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Micronutrient Deficiencies


A Technical Report from The Bartlett Tree Research Laboratories

Diagnosing Deficiencies
Six elements are required in small amounts for the growth and development of plants. These are referred to as micronutrients: iron (Fe), manganese (Mn) copper (Cu), zinc (Zn), molybdenum (Mo), and boron (B). Only two of these, iron and manganese, are commonly found to be deficient in landscape trees and shrubs. Iron and manganese are required for chlorophyll production and photosynthesis. A deficiency results in yellowing between the veins - interveinal chlorosis. Severe deficiencies can cause death of leaf tissue, stunting of growth and premature defoliation.

The lack of photosynthesis (energy production) caused by severe deficiencies can lead to twig dieback, especially at the top of the tree, and branch dieback if the condition persists. Secondary pests attacking the weakened plant may accelerate these first stages of decline. The decline syndrome may then lead to death of the entire plant.

Manganese and iron deficiency are separated by visual symptoms, plant species or foliar nutrient analysis. With iron deficiency the fine veins in chlorotic leaves are often green. With manganese deficiency the fine veins typically become chlorotic.

Iron deficiency susceptible:

  • Oaks, especially pin and white
  • Ericaceous plants (e.g., azalea, Rhododendron)
  • Japanese black pine
  • White pine
  • Magnolia
  • Photinia

Manganese deficiency susceptible:

  • Birch
  • Dogwood
  • Maples  especially red and sugar
  • Flowering cherry
  • Sweetgum
  • Sargeant crab

Causes of Deficiencies
Several factors contribute to micronutrient deficiencies. Typically in sandy soils, the critical nutrient may simply be lacking. In heavier soils, an excess or deficiency of water may reduce nutrient uptake resulting in deficiency. Stem cankers or root rots which limit nutrient uptake or movement in the plant, can also result in deficiency symptoms. Alkaline soil pH is, however, the most common factor predisposing to micronutrient deficiencies. This can happen in soils with a pH as low as 6.3 but is more common when the pH is above 7.0. With high pH, micronutrients are converted to chemical forms that certain plants cannot absorb.

Treating Deficiencies
The first step in treating the deficiency is to determine the exact cause of the problem. This requires a soil analysis for micronutrients and soil pH. While collecting the sample the soil moisture should be assessed. The additional step of determining if the soil is calcareous may be conducted while collecting the sample. This is done by applying a drop of vinegar to the soil. If effervescence (bubbling) is seen with the vinegar, there are particles of lime in the soil - it is calcareous.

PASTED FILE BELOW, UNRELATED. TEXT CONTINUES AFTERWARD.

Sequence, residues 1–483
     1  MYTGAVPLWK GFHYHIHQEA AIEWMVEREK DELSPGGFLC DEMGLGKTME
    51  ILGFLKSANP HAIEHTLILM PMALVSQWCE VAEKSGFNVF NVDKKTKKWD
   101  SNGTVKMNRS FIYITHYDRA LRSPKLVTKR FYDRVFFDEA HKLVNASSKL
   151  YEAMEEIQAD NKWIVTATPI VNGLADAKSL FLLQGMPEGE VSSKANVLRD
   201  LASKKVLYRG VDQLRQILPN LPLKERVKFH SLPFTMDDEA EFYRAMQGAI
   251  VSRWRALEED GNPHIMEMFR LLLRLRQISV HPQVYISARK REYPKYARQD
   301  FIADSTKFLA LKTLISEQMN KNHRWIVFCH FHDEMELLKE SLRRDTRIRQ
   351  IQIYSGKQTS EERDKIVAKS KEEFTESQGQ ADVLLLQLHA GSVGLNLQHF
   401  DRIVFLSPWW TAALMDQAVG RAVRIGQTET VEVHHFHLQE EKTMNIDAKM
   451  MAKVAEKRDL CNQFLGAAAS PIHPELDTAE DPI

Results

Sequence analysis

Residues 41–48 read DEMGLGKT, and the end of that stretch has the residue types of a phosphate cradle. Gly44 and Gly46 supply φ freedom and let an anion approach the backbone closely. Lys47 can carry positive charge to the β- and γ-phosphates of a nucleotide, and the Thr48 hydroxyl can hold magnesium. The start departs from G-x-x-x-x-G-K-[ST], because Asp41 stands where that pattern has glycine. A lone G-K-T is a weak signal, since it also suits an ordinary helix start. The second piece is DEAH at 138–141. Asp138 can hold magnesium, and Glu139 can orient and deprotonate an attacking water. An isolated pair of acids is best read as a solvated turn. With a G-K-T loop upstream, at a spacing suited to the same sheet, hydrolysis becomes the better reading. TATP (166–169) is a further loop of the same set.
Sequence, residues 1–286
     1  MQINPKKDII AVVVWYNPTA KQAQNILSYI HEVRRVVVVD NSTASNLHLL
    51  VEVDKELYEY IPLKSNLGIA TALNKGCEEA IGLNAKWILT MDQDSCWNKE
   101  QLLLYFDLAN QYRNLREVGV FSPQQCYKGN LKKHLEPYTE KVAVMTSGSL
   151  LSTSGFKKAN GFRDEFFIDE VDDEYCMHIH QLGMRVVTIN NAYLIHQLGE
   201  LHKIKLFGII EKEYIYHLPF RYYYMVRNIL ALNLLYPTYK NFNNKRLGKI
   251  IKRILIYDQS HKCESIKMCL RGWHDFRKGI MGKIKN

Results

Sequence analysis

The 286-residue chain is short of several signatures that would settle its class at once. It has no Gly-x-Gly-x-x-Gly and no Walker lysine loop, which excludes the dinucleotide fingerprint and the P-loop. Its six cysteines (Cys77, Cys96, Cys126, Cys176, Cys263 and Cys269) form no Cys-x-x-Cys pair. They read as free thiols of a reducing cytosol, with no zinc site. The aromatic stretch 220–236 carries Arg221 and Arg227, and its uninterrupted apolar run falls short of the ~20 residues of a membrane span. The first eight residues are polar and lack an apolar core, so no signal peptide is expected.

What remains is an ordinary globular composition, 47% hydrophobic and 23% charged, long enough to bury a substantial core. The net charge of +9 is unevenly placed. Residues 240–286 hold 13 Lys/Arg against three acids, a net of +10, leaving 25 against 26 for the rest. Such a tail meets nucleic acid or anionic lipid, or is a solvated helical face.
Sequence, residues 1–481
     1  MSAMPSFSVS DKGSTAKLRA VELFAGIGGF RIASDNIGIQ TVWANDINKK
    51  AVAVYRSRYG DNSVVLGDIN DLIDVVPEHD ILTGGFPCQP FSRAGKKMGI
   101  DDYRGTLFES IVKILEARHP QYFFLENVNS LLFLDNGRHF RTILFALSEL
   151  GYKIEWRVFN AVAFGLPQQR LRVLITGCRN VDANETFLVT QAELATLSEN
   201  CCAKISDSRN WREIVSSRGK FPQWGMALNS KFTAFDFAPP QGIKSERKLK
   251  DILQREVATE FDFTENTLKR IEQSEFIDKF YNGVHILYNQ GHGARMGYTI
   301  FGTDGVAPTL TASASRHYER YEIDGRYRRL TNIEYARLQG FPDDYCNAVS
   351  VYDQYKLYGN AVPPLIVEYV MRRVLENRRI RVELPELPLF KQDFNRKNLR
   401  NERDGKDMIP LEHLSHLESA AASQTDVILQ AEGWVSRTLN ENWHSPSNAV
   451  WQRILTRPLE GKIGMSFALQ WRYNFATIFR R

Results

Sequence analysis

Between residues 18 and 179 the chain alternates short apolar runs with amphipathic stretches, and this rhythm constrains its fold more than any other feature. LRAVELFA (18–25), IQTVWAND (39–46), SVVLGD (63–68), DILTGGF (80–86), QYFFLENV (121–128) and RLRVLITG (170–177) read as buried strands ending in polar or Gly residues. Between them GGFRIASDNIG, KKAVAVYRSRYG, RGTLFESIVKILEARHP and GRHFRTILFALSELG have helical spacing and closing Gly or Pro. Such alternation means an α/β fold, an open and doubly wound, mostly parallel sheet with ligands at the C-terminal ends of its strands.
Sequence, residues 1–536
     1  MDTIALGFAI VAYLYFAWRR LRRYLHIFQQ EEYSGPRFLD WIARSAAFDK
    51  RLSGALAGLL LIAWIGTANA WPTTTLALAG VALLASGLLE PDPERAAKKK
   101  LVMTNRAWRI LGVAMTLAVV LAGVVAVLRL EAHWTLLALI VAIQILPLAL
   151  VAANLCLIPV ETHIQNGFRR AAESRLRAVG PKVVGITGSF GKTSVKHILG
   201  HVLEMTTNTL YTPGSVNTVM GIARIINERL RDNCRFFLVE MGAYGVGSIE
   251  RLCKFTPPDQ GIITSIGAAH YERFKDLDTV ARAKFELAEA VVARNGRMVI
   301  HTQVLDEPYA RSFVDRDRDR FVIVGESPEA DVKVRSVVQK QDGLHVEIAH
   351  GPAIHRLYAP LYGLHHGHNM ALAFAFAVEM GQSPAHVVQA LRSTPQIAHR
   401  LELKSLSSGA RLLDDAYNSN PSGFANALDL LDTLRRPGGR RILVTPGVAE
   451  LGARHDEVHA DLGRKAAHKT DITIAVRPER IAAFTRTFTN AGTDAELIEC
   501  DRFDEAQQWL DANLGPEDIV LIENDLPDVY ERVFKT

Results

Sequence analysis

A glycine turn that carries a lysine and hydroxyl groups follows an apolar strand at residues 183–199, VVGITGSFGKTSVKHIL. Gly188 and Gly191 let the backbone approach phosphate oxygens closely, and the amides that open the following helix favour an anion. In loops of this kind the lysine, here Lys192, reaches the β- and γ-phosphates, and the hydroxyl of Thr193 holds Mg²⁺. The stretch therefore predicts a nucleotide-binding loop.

If the soil pH or moisture conditions are not correct for the plant species, replacement with a more suitable species may be the most practical solution. A list of plants that tolerate alkaline, clay soils is available from the Bartlett Tree Research Laboratories.

When soils are simply low in the nutrient, the problem can be treated with additions of the nutrient to the soil. If the pH is below 6.0, the addition of a fertilizer is sufficient. Useful fertilizers include Milorganite for iron, iron sulfate or manganese sulfate (not magnesium sulfate - Epsom salt). If the pH is higher, a chelate is required. Chelation of the nutrient prevents its conversion to insoluble forms.

If the cause of the problem is high pH - alkaline soil, the soil pH should be reduced with applications of sulfur. Chelates should also be added to increase the amount of nutrient available. Several application of sulfur may be required to lower the pH to an acceptable level. Soil analysis should be repeated in subsequent years to determine the need for additional applications. If the soil is calcarious, it will be very difficult or practically impossible to adjust the soil pH. For trees with severe deficiencies, especially in areas with calcarious or very alkaline soils, an injection of iron and/or manganese directly into the tree is usually the best treatment option. This treatment involves removal of any mulch or soil from the root collar area, drilling holes into the sapwood of the tree, installing injector heads into the holes, connecting the injectors together with plastic hose and injecting a solution of either iron or manganese into the tree.

Injection of iron will typically green up medium and large trees within two to six weeks of application during the growing season. Trees may need to be retreated after two or three years when symptoms begin to reappear. A longer lasting alternative is to inject in the fall or during the dormant season using a higher rate of iron. Higher rates typically provide results for three to five years following treatment. Manganese injections made during the growing season rarely result in rapid greening. The greening is usually seen the following year. Fall applications at a higher rate may produce longer lasting results. Injections should never be made in the spring until leaves are fully expanded or during droughts.

Soil treatments with sulfur and/or chelates should be made following injection to extend the efficacy of treatment. Apply mulch around plants to help reduce soil pH and increase root density. Mycorrhizal applications may increase root density and improve micronutrient and water absorption.




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